It's our third book club, and this time we opted for Never Mind by Edward St Aubyn, the first in a trilogy of novels about Patrick Melrose. We're doing a live Twitter chat about this book tonight from 7pm. Just follow @DomesticSluts and the Twitter hashtag #DSBookClub to get involved.
So what's the book about? Here's the blurb: At his mother’s family house in the south of France, Patrick Melrose has the run of a magical garden. Bravely imaginative and self-sufficient, five-year-old Patrick encounters the volatile lives of adults with care. His father, David, rules with considered cruelty, and Eleanor, his mother, has retreated into drink. They are expecting guests for dinner. But this afternoon is unlike the chain of summer days before, and the shocking events that precede the guests’ arrival tear Patrick’s world in two.
Siany: It's hard to sing the praises of a book where nothing really happens and the one that thing does happen is actually pretty horrific. Yet I found myself really enjoying Never Mind. There was something a little Handful of Dust about it, maybe even a little bit of Beautiful and the Damned. I didn't really like any of the characters (except for Anne, who at least had a modicum of sense about how ludicrous their privileged lives were), but I don't think I was meant to. The reason I love this book is because it's so beautifully written. It's sharp, it's quick, it's a tiny little glimpse into a terrible world and that totally fascinated me. I found myself wanting to talk about the characters, I've found myself wanting to discuss their motives and the themes in the book - the fight for power in the book fascinated me. Never Mind isn't an easy book to read, but it's compelling. It isn't a curl up in bed with a cup of tea kind of book, but I really want to read the rest of the trilogy.
Frances: I'd read a later book in this series, Mother's Milk. At the time, I don't think I'd even realised that it wasn't a stand alone book because it worked so perfectly by itself. Never Mind is much the same, cleverly using only a short period of time and a couple of key incidents to form the story. Now I'm determined to go back and re-read Mother's Milk to see how the author draws the two books together and how he develops the character of Patrick from this disturbing start. As Siany says, Never Mind has got virtually no sympathetic characters and features lot of things that are really quite revolting. I also felt quite stupid reading it: there's a lot of chat about ideas and theories and philosophy that went right over my head. But it is compellingly written and I've been quietly mulling it over since finishing it. I definitely want to read more - however, I might have to give it a while before I do.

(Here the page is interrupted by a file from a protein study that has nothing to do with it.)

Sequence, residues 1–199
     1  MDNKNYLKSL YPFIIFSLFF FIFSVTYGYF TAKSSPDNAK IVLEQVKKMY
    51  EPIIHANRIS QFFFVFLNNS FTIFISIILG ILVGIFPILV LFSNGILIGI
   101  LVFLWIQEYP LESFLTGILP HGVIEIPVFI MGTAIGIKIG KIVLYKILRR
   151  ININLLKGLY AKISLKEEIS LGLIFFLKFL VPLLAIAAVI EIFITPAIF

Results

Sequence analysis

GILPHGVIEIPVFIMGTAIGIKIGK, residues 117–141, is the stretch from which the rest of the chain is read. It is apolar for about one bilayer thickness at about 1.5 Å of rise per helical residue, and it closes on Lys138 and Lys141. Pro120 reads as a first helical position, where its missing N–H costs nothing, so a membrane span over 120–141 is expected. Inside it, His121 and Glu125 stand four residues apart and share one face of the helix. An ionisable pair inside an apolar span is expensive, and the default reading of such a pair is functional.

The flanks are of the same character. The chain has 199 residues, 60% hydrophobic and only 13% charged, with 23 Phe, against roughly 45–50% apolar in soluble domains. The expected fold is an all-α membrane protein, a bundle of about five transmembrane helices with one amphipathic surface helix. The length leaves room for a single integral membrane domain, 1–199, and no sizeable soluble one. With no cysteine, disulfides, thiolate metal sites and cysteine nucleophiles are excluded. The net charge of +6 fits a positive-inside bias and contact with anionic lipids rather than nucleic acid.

Sel: I still can't decide if I like Never Mind or not. It is hauntingly bleak but strangely beautiful at the same time. The characters are, on the surface, completely unlikeable but I found myself wanting to find out more about them and how they came to be as they are. I think it's a sign of a good book though when you're still thinking about it days after you've read it and I'm certainly going to read the
Kat: Sorry to be a fire extinguisher on the joys of reading, but I absolutely loathed this book. St Aubyn (great name by the way) writes beautifully; he has a lovely turn of phrase and his descriptions were great. But reading this book just proved to me how hollow all that is if you can't give a stuff about the characters. Any of them. Not even one. Just a little flash of humanity - or even decent characterisation - would have lifted Never Mind and made it a more layered and engaging experience. Hateful characters are usually just as enjoyable to read as decent ones, but everyone here is so vague and outlined that there's nothing to draw you in. As it was, I finished it on the sunniest morning of the year, felt utterly destroyed, and spent the rest of the day staring at cat videos to try and drag my mood and my soul out of the gutter. The rest of this series is apparently tremendous, but with an opener like this, I highly doubt I'll go back to find out.
The Sluttery Verdict: It's not an easy book, it might not even be what we'd call a fun book. But despite the hateful characters, there's something about the book that's compelling and made a lot of us want to know more. One Sluttery thumb up for this one. Except from Kat. Her thumbs are firmly down and a nice turn of phrase isn't going to change that.
What did you think? Did you love or hate it? Want to read the rest of the trilogy or never want to think about the trilogy again? Our live Tie book tonight from 7pm, but let's get the discussion started now! Want to join in next time? We're getting into Girl Reading by Kate Ward and chatting about that on September 18th.
WARNING: We've kept all spoilers out of this post, but we can't promise that you won't read spoilers in the comments. Don't say you weren't warned.